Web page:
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vibrations

VIEWS: 7 PAGES: 40

									                               Fundamentals of Acoustics and
                                    Fourier Transforms

                                               Reid McCargar


                              Graduate Research Assistant, NW Electromagnetics
                               and Acoustics Research Laboratory (NEAR Lab)




11/18/2010, Reid McCargar 1
                                                Outline

                 Lesson 1 – a heavy dose of math

                 • A review of sinusoidal functions – non propagating functions
                 • Relationship between oscillation and rotation
                 • Radians
                 • Calculus and oscillators
                 • Complex exponentials, the uber-brief version
                 • Real oscillating systems
                 • Resonance and frequency response

                 Lesson 2 – a lighter dose of math, more conceptual focus

                 • Propagating waves
                 • Time and frequency domain representations, frequency
                    response
                 • Adding waves, adding phasors
                 • Conceptual Fourier synthesis and decomposition
                 • Impulse response and transfer functions
                 • Basics of performing transfer function measurements

11/18/2010, Reid McCargar 2
                                There is a point to this




             Do you love sound enough that you
             would want to do it for a living?
             Without needing a day job?

11/18/2010, Reid McCargar 3
                              Our stated purpose, before we dive in

                 To design and implement sound systems in which:

                              1. All frequencies within the audio band have
                                 nearly equal magnitude.

                              2. All frequencies arrive synchronously.

                              3. Goals 1 & 2 are achieved as well as possible
                                 for as many listeners as possible.




11/18/2010, Reid McCargar 4
                         A review (hopefully) of sinusoidal functions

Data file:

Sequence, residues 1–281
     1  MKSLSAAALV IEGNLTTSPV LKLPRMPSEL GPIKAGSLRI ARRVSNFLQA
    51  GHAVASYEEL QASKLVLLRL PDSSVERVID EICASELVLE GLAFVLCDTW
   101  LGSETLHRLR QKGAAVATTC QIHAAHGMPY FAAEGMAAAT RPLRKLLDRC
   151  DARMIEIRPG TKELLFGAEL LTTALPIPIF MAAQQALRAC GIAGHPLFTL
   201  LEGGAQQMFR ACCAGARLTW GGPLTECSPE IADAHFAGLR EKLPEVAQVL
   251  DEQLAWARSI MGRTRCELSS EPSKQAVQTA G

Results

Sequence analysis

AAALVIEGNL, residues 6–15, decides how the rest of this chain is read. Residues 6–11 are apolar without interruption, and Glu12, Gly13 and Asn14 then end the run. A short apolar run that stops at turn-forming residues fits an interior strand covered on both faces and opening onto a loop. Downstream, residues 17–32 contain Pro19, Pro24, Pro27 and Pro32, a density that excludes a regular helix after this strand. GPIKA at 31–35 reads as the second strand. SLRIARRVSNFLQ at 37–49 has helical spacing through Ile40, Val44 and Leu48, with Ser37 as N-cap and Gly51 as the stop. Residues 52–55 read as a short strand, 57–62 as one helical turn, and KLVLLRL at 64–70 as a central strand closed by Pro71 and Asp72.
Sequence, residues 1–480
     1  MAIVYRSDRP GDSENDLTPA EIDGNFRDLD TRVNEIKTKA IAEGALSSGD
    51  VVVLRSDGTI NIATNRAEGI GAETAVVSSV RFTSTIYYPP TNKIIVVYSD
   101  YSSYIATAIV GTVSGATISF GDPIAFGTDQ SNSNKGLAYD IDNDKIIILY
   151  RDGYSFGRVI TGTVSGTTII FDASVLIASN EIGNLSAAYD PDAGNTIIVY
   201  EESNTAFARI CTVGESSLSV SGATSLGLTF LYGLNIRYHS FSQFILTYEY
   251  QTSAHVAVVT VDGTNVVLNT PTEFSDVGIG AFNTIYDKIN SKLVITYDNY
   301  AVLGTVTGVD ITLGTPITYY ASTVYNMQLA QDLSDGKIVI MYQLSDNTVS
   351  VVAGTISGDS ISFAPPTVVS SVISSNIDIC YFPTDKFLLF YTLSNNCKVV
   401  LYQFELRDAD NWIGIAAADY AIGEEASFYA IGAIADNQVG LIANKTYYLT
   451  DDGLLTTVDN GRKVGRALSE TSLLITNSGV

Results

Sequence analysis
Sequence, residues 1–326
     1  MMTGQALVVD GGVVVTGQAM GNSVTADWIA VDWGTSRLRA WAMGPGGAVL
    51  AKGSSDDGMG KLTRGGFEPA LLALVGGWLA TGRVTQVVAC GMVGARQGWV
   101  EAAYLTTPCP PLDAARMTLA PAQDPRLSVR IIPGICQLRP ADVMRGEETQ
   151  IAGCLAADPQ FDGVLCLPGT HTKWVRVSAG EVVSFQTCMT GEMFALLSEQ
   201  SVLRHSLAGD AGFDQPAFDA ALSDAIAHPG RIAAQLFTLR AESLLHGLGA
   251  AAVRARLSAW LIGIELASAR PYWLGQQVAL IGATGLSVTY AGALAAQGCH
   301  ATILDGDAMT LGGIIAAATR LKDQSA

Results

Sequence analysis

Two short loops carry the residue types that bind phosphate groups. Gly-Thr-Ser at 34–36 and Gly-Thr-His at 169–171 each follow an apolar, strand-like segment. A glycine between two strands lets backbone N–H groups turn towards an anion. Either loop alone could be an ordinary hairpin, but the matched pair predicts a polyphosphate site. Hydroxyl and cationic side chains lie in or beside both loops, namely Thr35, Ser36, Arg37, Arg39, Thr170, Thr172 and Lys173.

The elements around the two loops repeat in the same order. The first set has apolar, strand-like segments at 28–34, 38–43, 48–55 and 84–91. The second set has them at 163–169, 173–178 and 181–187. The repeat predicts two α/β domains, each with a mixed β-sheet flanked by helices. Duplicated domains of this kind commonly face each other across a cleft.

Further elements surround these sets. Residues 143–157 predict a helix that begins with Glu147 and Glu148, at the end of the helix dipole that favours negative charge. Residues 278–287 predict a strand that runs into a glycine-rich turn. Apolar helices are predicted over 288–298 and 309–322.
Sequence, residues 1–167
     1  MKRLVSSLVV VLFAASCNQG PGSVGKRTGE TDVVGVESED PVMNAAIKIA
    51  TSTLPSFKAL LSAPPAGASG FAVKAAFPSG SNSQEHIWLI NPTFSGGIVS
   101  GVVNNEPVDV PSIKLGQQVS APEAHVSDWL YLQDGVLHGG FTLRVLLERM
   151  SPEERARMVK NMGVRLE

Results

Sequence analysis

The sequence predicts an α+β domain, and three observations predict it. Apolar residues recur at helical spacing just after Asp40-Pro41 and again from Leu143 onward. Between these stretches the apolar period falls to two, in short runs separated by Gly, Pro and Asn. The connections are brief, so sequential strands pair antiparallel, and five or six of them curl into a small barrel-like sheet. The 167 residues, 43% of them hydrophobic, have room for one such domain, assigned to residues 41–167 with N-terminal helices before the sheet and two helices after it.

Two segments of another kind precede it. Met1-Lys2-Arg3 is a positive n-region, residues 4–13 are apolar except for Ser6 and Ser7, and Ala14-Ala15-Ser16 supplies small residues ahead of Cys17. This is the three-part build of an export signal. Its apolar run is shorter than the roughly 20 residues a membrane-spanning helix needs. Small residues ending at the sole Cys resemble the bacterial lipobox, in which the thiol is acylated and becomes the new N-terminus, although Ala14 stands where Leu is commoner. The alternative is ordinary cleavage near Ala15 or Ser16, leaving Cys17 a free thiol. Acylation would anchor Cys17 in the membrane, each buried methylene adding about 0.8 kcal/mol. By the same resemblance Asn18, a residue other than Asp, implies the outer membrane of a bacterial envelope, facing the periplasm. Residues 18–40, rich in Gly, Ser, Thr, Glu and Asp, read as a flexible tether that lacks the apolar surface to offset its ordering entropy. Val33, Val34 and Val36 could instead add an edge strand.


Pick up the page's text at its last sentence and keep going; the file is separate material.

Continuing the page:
11/18/2010, Reid McCargar 5
                              Visualizing oscillation with rotation




                                      Here t = θ



11/18/2010, Reid McCargar 6
                              Radians




11/18/2010, Reid McCargar 7
                                      Oscillation/rotation math and
                                                  vocab.



                          Period: T – The time it takes to complete a full cycle [sec]

                          Frequency: f = The number cycles in a given length of time [1/sec]

                          Phase: φ – More specifically the initial phase, specifies an offset in
                                     angle (θ ≠ 0 at t = 0)

                          Phase: θ – Everything inside the argument of the cosine

                          DC offset: A0 – The average y-value. Usually taken to be zero, even
                                     when it’s not.

                      Non-propagating because function depends only on time.
                      There is no spatial dependence. Example – voltage output
                                  of a microphone in a fixed location.

11/18/2010, Reid McCargar 8
                              Important things—If you remember
                                 nothing else, remember this




11/18/2010, Reid McCargar 9
                   Angular frequency…try to remember this, too




                               It’ll make life easier later.




11/18/2010, Reid McCargar 10
                               Take 5




11/18/2010, Reid McCargar 11
                  Position, Velocity and Acceleration…and force

                     We want to fully describe the motion, x (t) or y (t),
                     of an object.

                     If an object has constant velocity, the position is
                     just v X t, and the velocity can be found from the
                     change in position over a period of time.

                     If not, we rely on some calculus to describe the
                     instantaneous velocity and position. Although
                     calculus scares most people (probably for good
                     reason), it is very simple for sinusoids.




11/18/2010, Reid McCargar 12
                               Calculus for the very mathematically